First, how do geomancers do third-party readings? The Shield Chart isn’t of much help for us, since the Shield Chart is of necessity focused on the querent themselves and their role in a situation; the less the querent is involved, the more meaningless the Shield becomes. Renaissance geomancers got around this by using the House Chart and borrowing a technique from horary astrology known as “rotating the chart”. Let’s walk through this method:
- We first draw up a House Chart based directly on the Shield Chart. This is termed the radical chart, “radical” coming from Latin radix or “root”. This chart represents the querent directly, the person who is actually talking to the geomancer. House I in the radical chart represents the querent, the person actually talking to the geomancer, and the other houses take their usual meanings with respect to the querent. Thus, house II represents the querent’s finances, house III the querent’s surroundings, and so forth.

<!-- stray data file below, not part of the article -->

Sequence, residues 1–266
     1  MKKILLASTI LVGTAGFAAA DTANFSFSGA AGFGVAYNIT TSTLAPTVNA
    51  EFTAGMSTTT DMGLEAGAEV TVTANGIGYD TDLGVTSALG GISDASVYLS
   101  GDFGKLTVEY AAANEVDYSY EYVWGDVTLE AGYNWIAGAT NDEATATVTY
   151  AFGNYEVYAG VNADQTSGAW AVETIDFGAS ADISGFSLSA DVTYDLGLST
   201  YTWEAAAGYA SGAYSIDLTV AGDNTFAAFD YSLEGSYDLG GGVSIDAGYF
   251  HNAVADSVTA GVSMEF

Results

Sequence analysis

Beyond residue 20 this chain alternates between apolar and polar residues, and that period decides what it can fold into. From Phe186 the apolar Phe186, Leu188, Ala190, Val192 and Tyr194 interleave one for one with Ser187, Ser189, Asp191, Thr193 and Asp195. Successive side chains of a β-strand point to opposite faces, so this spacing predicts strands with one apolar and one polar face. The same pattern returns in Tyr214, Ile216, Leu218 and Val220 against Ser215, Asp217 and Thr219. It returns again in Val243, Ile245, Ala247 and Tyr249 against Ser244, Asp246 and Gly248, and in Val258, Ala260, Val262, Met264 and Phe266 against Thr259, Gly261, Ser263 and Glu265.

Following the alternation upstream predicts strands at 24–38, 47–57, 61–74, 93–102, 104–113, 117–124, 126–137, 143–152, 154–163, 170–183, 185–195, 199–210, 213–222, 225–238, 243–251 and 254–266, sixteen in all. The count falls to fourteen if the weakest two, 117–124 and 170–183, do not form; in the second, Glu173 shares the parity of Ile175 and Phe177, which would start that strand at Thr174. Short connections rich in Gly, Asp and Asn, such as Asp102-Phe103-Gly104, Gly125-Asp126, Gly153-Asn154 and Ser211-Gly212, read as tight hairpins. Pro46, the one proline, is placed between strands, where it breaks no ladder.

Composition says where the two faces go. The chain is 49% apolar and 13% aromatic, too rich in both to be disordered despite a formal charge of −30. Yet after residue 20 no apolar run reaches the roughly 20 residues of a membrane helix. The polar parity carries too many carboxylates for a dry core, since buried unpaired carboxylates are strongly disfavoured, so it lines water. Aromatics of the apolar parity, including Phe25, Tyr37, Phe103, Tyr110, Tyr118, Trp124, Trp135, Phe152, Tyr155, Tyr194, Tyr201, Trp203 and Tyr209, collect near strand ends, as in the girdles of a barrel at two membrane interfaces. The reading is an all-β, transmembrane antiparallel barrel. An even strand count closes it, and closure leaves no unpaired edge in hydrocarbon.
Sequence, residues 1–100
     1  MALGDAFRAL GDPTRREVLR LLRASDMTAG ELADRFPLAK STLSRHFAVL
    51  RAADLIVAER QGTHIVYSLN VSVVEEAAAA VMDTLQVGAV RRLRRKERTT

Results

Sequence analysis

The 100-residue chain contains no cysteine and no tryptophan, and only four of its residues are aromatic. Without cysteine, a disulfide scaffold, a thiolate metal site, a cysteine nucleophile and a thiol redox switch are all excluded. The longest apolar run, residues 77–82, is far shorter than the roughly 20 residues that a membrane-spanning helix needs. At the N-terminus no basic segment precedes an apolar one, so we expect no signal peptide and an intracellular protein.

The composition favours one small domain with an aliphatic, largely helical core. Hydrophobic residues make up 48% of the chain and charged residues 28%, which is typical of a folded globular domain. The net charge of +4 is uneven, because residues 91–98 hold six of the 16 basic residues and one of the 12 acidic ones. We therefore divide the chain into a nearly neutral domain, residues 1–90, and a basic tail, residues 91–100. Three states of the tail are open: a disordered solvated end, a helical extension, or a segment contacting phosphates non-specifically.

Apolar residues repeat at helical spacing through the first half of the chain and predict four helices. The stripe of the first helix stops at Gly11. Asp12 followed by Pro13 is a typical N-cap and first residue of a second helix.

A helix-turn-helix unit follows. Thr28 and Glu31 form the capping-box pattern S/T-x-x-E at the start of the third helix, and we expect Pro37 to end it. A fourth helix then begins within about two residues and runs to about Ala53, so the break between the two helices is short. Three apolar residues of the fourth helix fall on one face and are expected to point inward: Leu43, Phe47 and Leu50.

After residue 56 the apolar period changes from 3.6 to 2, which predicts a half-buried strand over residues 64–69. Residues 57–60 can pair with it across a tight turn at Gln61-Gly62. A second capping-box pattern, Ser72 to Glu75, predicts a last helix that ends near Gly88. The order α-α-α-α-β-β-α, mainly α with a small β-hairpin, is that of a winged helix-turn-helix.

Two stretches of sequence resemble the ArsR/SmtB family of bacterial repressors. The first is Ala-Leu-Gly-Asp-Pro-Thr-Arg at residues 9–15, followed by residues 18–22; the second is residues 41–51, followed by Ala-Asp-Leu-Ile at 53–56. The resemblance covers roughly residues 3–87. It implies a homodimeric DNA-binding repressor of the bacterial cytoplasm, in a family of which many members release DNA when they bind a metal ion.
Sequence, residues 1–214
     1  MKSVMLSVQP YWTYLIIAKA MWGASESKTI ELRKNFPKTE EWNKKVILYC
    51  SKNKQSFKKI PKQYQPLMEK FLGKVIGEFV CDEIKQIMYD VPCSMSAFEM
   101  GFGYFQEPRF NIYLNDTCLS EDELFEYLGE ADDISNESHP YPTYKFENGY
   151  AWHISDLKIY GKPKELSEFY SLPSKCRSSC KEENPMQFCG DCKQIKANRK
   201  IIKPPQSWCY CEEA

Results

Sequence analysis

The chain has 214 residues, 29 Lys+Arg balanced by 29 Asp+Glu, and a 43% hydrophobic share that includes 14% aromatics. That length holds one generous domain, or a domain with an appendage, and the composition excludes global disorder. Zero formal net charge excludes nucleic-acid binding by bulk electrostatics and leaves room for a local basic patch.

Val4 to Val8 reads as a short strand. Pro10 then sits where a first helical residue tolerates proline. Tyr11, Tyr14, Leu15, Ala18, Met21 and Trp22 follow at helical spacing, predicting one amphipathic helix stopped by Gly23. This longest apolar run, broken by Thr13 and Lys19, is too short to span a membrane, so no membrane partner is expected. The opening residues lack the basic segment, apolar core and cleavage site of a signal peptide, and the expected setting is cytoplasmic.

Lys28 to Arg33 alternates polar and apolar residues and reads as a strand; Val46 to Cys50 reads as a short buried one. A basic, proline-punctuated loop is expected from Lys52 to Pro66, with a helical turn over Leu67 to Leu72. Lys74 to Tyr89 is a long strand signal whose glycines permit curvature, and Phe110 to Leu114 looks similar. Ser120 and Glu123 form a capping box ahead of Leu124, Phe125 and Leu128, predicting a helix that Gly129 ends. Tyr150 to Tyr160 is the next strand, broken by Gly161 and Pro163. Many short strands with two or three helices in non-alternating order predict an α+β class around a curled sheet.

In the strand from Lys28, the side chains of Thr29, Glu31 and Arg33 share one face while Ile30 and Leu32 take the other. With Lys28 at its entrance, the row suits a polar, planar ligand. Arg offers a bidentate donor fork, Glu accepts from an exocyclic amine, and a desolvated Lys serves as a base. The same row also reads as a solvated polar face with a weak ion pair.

- In order to get the perspective of a third party, we rotate the chart so that the house that represents the third party’s connection to the querent becomes the new house I. For instance, if the querent is asking what their husband is up to, we look at house VII (marriage, spouses, partnerships). We rotate the chart so that, in our new rotated chart, house VII becomes the rotated house I, house VIII the rotated house II, and so forth.